Thursday, April 15, 2010

Encouraging Dreams of Higher Education in D.C. Public Schools


By: Hannah Klusendorf

Below is an opinion I wrote for The Hoya for the April 13th edition. The link is
http://www.thehoya.com/opinion/encouraging-dreams-higher-education-dc-public-schools, but I posted the article just in case. In the article, I presented how severe the education gap is in D.C. and how Georgetown students specifically can/should rally around D.C. issues like education reform. As I wrote, a Georgetown degree will mean nothing if we do not use the knowledge it represents to serve the community as a whole. Hope you like it!

Our high school senior selves probably wished at one point or another that they had never heard of the college admissions process and SATs. For many students in the District, however, ignorance is not bliss. Rather, it equates to low wages and limited career options.

According to a 2006 report, 68 percent of students across the country graduate from high school in five years; 48 percent enroll in college within 18 months of graduating from high school; and 23 percent receive degrees within five years of entering college. In the District, only 43 percent graduate from high school in five years; 29 percent enroll in college within 18 months of graduating from high school; and 9 percent receive a college degree within five years of enrolling. In Wards 7 and 8, just 33 percent of students graduate from high school, and 5 percent receive a college degree.

A high school diploma alone cannot support a family. Eighty percent of the fastest-growing job sectors in the United Sates require some postsecondary education. Seventy percent of college-educated males earn more than their high school-educated counterparts. Likewise, female college graduates earn about 80 percent more than female high school graduates. D.C. children will face a future of diminished life opportunities if no one takes up their cause.

As a coordinator for D.C. Reads, I see firsthand the students, schools and struggles these statistics represent. Part of our program includes a curriculum specifically geared toward cultivating a college-going culture in the fourth grade at Houston Elementary in Ward 7.

Every Friday, a group of tutors and coordinators meets with these dozen or so students to discuss what it means to go to college and be a college student. The fourth-graders knew that one needs to study hard in order to attend college, but they lacked the vocabulary to understand what that entailed. SATs, applications, scholarships and high school extra-curricular activities are now topics Houston’s fourth grade can grasp. But more importantly than knowing what an SAT is, the students can comprehend why one goes to college and what one does when one arrives on campus.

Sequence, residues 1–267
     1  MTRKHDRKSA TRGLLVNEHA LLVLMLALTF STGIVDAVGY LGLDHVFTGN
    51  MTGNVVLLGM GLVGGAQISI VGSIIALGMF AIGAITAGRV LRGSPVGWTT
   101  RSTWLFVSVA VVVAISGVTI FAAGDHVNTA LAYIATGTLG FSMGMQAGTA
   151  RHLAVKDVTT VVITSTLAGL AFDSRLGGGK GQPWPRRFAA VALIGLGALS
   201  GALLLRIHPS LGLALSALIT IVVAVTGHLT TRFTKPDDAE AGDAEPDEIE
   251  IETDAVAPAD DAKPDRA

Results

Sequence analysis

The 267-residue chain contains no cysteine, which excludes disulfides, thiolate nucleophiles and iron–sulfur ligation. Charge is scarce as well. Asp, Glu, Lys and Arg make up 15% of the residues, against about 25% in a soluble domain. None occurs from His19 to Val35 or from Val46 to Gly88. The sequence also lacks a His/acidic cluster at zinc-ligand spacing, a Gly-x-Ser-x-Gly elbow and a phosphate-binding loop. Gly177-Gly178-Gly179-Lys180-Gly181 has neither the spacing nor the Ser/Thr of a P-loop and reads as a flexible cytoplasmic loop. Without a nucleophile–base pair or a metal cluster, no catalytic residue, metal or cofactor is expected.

We stress to the students that the college experience consists of much more than simply going to class. One need only walk through Red Square to see a diverse body of interests represented by T-shirts, flyers and bake sales. Painters, singers, basketball stars and political activists all walk these halls. The interests we cultivate here influence and factor into our career and life choices after graduation.

Many D.C. public school students, however, do not realize the value of learning outside the classroom in college. Scott, a fourth-grader at Houston and an avid television watcher, once dreamed of taking the online college classes he saw advertised on TV. Because a Georgetown student took the time to have a meaningful conversation with Scott, he now wants to go to a university where perhaps he will find a club dedicated to TV fandom. If he and the other fourth-graders of Houston Elementary continue on this college-conscious path, no goal of theirs is impossible.

As Georgetown students, we are in a pivotal position to help foster a college-going culture within the District of Columbia Public Schools system. We are all veterans of the admissions process and soon-to-be beneficiaries of a university degree. DCPS need more Joe and Jane Hoyas to become a part of its mission to create a postsecondary culture. As D.C. residents, we, along with educators and community leaders, share in the responsibility of bolstering college graduation rates. We need to see past Georgetown’s front gates and realize the grass is not greener on the other side of Healy Lawn.

Social justice issues like educational reform require more time and effort than four years here can afford, but Georgetown and its student body of women and men for others can have an impact in the DCPS system. Programs such as D.C. Reads are committed to alleviating the educational gaps in Wards 7 and 8. A Georgetown degree will mean nothing if we do not use the knowledge it represents to serve the community as a whole. Scott and his classmates deserve the right to one day complain about the college admissions process, too.